These would look adorable strung several in a row as low pendants over a kitchen breakfast bar (and would also be very appropriate for the setting) as well as gathered like this. I'd be tempted to have a go at spraypainting tin cans in some cheery pastels and even punching some decorative holes in them for an alternative to a printed can.

Thanks to for flagging this up!

Sunday, 1 March 2009

The AA

A little birdy told me that the website for Atelier Abigail Ahern, interior stylist-turned designer, shopkeeper, soon-to-be author and all-round interiors guru, has just been relaunched - so naturally it'd be rude not to take a peek. Abigail's bijou store resides in Islington's Upper Street and, thanks to the dramatically dark colour scheme that fully wraps around its petite proportions, provides a welcome contrast to the bright white showrooms of norm. Showcasing furniture, art, textiles and accessories all curated with a gallery-level eye, this deeply, darkly whimsical space is oh-so-stylishly full of the macabre and the unexpected. Take a look for yourself to get the full picture, or for my Craft Hacker-inspired favourite bits, read on (sadly I can't grab any images off the site so you'll have to link over for these too, but anyhoo...:)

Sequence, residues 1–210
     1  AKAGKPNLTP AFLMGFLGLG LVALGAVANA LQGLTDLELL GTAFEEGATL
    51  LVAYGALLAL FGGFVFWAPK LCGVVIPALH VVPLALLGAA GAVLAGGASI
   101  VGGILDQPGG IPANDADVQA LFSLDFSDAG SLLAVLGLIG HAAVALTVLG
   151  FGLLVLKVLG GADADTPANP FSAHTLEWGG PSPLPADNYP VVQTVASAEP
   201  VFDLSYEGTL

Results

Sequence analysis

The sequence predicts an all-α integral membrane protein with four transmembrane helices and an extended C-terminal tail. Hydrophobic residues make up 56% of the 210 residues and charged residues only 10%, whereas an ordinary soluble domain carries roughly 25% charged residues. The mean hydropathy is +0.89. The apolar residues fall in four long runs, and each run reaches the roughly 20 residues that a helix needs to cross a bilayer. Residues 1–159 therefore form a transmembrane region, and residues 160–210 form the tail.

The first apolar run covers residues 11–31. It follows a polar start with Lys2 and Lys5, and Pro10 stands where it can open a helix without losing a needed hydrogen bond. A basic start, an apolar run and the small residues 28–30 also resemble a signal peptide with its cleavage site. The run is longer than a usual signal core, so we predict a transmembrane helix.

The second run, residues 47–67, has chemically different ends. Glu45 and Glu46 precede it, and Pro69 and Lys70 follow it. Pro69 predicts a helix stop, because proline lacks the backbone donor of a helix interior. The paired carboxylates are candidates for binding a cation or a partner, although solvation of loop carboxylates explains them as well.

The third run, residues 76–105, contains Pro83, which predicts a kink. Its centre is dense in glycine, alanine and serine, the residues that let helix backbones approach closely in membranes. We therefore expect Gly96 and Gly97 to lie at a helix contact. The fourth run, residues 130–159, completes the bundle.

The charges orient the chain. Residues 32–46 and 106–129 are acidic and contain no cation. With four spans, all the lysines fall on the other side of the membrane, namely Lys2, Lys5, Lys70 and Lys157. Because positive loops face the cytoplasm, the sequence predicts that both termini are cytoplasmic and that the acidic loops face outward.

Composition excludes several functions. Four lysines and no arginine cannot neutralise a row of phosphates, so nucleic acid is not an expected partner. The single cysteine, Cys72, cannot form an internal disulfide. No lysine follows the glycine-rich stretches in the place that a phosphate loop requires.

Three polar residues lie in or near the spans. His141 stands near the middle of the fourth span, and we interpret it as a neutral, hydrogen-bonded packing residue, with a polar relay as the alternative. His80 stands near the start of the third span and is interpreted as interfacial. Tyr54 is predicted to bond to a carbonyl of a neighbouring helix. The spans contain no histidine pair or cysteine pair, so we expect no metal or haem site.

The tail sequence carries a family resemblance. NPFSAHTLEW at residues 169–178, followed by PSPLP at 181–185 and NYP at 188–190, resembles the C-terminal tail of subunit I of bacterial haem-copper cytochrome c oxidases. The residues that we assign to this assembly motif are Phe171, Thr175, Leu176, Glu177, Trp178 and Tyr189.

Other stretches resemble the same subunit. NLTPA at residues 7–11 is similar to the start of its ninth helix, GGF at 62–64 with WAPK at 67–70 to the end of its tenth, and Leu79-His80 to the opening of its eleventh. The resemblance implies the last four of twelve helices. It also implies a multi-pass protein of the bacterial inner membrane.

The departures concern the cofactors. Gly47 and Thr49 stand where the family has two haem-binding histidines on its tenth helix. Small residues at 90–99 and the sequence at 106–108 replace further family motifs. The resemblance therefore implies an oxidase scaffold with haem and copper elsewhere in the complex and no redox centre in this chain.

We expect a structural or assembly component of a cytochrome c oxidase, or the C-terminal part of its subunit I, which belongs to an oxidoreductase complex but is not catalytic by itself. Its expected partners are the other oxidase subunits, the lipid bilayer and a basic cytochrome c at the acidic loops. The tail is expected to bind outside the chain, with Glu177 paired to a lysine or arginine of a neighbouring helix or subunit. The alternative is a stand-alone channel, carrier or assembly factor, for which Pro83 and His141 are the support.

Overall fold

Figurine Collection: These little beauties, cast out of concrete, manage to combine dainty and dangerous in one fell swoop. Love the way a simple colour change gives these usually gilt-laden kitsch ladies a completely different vibe. How about conjuring up your own version by giving a charity-shop figurine a new lease of life courtesy of a can of black spraypaint?

Bus Scroll Wingback Chair: You may have seen vintage wonderland Pedlar's re-use of old bus signs turned into light boxes, art prints and even deckchairs (see below) - now witness the same technique applied to the classic wingback. The sort of hack that requires degree-level upholstery skills so not for the faint-hearted, but inspirational nonetheless.

(picture from

Rejste Side Table: Celebrating our British love of doily/tabletop action, this table cleverly nods to doily heritage in a 21st-Century, laser-cut metal type way. For more doily action, check out my earlier post on Ghost Furniture. I've recently become obsessed with the idea of setting some old doileys into a recessed tabletop with resin. Has anybody seen/tried this? Project being mentally added to the 'to-hack' list now...

Cruelty Free Rugs: Combining witty with pretty, these ingenious rugs by Mancunian designer Jon Male involve craft hacking traditional ruggage into a cowhide outline - subversive and cheeky. Do take a peek at Jon's own website for other inspired hacking, such as these 'A Soupcon of Light' lamps:

(pictures both taken from

Bernard Pye Paintings: If Warhol had cast his eye back a further 200 years, we might now be able to go to Snappy Snaps and have our face recreated in print like this rather than the much-imitated Marilyn Monroe style pop art we all know and love. Yet another fab example of a familiar style we all know and love being reworked to look truly fresh and 'now'. Why not raid the history books yourself and go crazy in photoshop - or keep it old-skool and go to town with a photocopier and some florescent markers?

I for one am rather excited at the prospect of a whole entire book on such matters, and eagerly await the launch of A Girl's Guide to Decorating, out in May.